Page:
Cars in the White House are painted white, black and silver, and they’re ubiquitous across the West Wing, with several spots prominently displayed at the West Room.
But there’s also a lot of red, white and blue, with cars ranging in size from one to seven feet long, according to the Car Decal Advertising Association.
“You know, if you’re not going to use these for the White Houses and the State Departments, you’re going to want to avoid them,” said Michael Lomax, a former aide to President Donald Trump who is now a policy adviser at the CarDecal Alliance.
Lomak says he used to work for the Trump campaign and has not been back to the White and has never seen a car that was red, but he believes there’s a correlation between the color of the cars and the number of cars they are used on.
“If you look at the number one reason why people vote is because of the color, and I think there’s no question that the Trump Administration is heavily reliant on those cars,” he said.
Loma Linda University Professor and Car Decals Association CEO Greg Jones said it’s likely the cars are used to decorate rooms, but the practice may have started after the election.
“There is a sense of excitement about cars, especially when you look back at the Trump administration, and how they are, of course, a vehicle for political power, so I think that there’s an element of that,” Jones said.
He said he’s not sure how many cars have been used on the West Side of Manhattan, but believes the cars have come from other parts of the country.
“It’s just one of those things that is so random,” Jones added.
Lomas Law School professor David Strain believes there is a lot to be said for the use of color, particularly when it comes to decorating a place like the White house.
“The reason I don’t believe that cars have the same symbolic value as other items is that I think the symbolism of them is so different,” Strain said.
“I think the reason the cars were there in the first place is to help us remember that we are part of the same United States, so it is really hard to say that they have any value to the public.”
Strain says the color could be an advantage for the president, but that there may be a lot more symbolism to cars in a more positive context.
“People who want to go into a White House and use it are going to be a different sort of person.
They’re going be more likely to get the same kinds of people, the same kind of people who are going be the ones that can help them make that White House,” he added.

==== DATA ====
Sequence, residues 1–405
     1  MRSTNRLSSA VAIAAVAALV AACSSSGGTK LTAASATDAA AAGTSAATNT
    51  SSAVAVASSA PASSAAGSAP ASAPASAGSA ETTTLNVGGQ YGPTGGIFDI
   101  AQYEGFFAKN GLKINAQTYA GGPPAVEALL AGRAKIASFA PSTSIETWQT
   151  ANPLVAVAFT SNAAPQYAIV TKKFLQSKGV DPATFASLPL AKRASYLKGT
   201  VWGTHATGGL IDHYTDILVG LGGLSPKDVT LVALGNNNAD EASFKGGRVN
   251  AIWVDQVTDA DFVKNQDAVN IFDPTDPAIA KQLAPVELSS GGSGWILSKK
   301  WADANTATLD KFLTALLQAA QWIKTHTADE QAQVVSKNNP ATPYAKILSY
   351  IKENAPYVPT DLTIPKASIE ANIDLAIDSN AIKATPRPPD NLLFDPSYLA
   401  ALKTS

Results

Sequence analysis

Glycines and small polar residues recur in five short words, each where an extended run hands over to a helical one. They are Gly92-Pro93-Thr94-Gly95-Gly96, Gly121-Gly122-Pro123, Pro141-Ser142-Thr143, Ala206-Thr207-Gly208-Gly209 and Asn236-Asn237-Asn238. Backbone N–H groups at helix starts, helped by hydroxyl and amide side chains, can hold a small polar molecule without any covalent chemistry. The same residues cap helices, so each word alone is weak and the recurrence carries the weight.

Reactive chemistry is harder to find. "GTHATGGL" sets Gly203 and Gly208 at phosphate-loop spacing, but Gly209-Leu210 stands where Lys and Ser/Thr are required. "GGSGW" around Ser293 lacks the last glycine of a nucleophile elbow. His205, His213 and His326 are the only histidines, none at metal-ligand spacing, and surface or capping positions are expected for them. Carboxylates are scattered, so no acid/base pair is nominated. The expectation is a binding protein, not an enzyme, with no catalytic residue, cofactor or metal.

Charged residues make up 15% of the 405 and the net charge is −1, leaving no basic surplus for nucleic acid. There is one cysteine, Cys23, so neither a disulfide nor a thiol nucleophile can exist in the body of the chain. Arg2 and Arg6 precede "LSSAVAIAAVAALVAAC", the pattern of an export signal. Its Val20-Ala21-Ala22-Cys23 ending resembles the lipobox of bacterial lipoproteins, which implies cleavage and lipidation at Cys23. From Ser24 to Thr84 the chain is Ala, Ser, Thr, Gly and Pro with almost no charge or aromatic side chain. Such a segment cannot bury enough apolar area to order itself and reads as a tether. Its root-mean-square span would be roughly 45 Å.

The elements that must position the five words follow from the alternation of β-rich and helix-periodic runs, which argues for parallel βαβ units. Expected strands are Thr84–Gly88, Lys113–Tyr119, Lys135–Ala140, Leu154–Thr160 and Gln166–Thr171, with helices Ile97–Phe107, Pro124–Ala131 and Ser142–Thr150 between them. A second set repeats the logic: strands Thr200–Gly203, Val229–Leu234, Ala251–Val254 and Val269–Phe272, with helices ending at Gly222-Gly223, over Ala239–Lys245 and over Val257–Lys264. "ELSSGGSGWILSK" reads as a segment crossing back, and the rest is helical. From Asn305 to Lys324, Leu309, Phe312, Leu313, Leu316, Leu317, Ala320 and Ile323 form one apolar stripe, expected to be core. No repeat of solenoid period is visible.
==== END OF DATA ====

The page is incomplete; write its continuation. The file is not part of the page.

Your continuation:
“And if they have to pay more to get access to the President, I think it’s a way to say, ‘I am going to pay to have access to this place and this President, so he will listen to us and will listen carefully.'”
A White House spokeswoman did not respond to Fox News’ request for comment.
Car Decaling Association President and CEO Brian O’Donnell says the trend of white cars is not necessarily bad, but there are some who don’t want the white cars to become so commonplace.
“My concern is that if they’re going in to the Oval Office and they have a White house that’s going to look like a black house or a red house, they’re not necessarily going to get to the president,” O’Brien said.
However, he said, “I’m also concerned about a little bit of a negative backlash, where people are saying, ‘Oh, we’re all just white.
We don’t care what color they are.
We’re just going to wear that because it makes us feel better.'”
The White House is looking at making it easier for people to pay for their own car decaling and is currently working on a new car decaled system that will be available later this year, according a White and White House official.
“We’re going after people who have been the biggest pain in the ass to get cars decal and are also the biggest supporters of car decalling in the world,” O`Brien said, referring to car dealerships that are used for car dealers and others that are not.
“This is a very complicated issue and we’re going through it.”
A White and Black House spokesperson declined to comment.
In response to a request for comments, the Cardecal Alliance said they are aware of the concerns but that they do not want to “politicize” the issue.
“As an industry, we want to support the WhiteHouse,” the organization said in a statement.
“However, we recognize that car decallings are a personal choice and are not a policy directive.
Car decal is not an official White House decor, nor is it a WhiteHouse policy.”